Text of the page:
In which iter, on a question arising, whether the borough of St. Martin and of Fyspole, was within the liberties of the city, (fn. 4) the jury found, that the borough of St. Martin should in future be subject and answerable with the rest of the citizens, in all those matters which belong to the crown; and that the coroner of the city should execute his office of coroner within that borough; and they further found, that all resident and dwelling in that borough, ought to come four times in a year to the hundred of Burgate, at the summons of the bailiffs of the city, to present those things which belonged to the view of frank pledge. And in like manner that they ought to come to the portmote of the city, as often as the citizens should cause a common meeting, to be summoned by the blowing of the horn of the city; and they found that the performing the said suit had been withdrawn for some time to the king's damage; therefore it was adjudged, that the above borough should for the future perform the said suits, and should be distrained to the performance of them, and that the king should recover his arrearages of the same. And as to the tenants of Fyspole, that they should perform the suit which they had been accustomed to perform. (fn. 5)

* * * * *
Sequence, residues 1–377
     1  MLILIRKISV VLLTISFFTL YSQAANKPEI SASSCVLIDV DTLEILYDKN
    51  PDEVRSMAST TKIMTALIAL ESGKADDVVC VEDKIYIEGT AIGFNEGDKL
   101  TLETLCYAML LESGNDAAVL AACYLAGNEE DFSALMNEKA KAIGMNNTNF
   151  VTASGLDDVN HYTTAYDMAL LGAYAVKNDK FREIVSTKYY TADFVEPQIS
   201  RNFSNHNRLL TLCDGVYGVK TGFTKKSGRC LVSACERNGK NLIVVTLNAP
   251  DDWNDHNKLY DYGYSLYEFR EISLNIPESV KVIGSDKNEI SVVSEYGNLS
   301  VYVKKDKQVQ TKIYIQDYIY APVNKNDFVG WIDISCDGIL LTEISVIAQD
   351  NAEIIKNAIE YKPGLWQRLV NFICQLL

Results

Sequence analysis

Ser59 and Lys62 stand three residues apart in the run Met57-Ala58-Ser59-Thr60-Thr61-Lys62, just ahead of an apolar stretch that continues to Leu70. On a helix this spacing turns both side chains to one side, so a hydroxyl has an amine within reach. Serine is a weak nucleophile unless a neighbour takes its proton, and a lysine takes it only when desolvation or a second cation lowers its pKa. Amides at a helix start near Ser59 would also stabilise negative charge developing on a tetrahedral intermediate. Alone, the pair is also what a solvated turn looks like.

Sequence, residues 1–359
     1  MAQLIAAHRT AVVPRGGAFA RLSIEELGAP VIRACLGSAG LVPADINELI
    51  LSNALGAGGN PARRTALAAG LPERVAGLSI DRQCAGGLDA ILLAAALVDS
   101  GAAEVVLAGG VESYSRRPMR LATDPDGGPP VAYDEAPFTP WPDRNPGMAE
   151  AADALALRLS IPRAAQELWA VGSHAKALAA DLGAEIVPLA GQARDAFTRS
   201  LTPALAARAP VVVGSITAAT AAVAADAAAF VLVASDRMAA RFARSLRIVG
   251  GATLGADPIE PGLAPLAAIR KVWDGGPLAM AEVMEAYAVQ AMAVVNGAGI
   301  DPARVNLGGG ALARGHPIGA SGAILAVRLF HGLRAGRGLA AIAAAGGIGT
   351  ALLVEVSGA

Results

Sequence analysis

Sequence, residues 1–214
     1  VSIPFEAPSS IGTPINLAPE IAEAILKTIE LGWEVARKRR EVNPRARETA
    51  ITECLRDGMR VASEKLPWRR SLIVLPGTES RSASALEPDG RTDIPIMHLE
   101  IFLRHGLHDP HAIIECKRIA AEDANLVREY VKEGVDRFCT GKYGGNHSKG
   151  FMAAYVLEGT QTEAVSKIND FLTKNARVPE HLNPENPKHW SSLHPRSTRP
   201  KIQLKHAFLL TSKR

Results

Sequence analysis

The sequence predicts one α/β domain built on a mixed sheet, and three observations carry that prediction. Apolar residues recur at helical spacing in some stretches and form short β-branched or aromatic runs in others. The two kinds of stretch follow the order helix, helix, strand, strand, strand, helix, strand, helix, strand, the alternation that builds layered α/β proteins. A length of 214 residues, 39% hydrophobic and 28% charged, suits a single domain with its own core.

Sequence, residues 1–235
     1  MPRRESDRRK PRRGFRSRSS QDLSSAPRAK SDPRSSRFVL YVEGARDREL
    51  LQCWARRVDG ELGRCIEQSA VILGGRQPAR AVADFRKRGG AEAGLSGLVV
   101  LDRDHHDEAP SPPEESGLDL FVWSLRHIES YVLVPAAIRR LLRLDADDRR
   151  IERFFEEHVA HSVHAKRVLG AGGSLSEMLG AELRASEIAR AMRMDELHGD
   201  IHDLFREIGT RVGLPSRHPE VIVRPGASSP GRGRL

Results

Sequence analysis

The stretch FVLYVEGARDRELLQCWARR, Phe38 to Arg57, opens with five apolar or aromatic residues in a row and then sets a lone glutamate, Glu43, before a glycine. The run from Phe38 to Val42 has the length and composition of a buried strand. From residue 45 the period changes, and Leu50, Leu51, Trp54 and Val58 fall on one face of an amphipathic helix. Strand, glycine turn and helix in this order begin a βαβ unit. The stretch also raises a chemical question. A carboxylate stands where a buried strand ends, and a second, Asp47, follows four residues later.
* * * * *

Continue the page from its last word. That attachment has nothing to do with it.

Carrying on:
After this, it appears, that the city continued to be governed by bailiffs with little alteration, though the citizens obtained some further addition to, and allowance of their liberties in the first year of Henry IV. in the 2d and 9th years of Henry V. and the 3d and 26th years of Henry VI. (fn. 6) in the 26th year of which reign, the king granted to them an ample charter of further liberties and privileges, among which were those of chusing a mayor instead of bailiffs, on Holy Cross day, yearly, and to be a corporation, by the name of mayor and commonalty; the mayor; to be sworn into his office on the Michaelmas day, to have his serjeants at mace, to have the return of all writs, foreign officers not to intermeddle; the city and court to be governed by the mayor, who with the commonalty, should be capable of purchasing and selling lands, (fn. 7) and to sue and be sued. The mayor and his successors to take knowledge of all pleas, to be justices of the peace, after the expiration of their mayoralty. And he granted, that no justice of peace of the county should enquire of things done in the city. Mondays and Thursdays to be the courts days; power granted to levy fines before the mayor, were licence of concord; none of the commonalty to be compelled to answer without the city; the mayor, in his absence, might make one of the aldermen his deputy. The mayor and aldermen only, to make and alter rules and constitutions, and to raise taxes on the citizens. The mayor might punish any of the citizens, who came not to his commandment; to have one coroner; no officer of the county to intermeddle within the city or liberty of it. And the same king, by another charter, also in the city chest, in the 31st year of his reign, granted, of his especial grace, to the mayor and commonalty, a full confirmation of all former charters of liberties granted to them, as well as of his own charter last-mentioned with a special clause, that the liberties granted in such charter should not be any ways subject to the act of resumption then lately passed; (fn. 8) and he further by it granted that the citizens should chuse a mayor, who should be a citizen, according to their old custom, or in the same manner as the citizens of London; that the mayor, with the advice of the aldermen, should chuse yearly a bailiff or sheriff, who should be bound to answer at his exchequer for the fee farm, and other issues, profits and revenues of the city, and should make an attorney; conuzance of pleas to be taken before the mayor in the Guildhall; all manner of pleas and actions within the precincts of the hamlet of Staplegate in this city, parcel of the ville of Westgate, without the city, and within the aforesaid liberty of the archbishop of Canterbury, always excepted.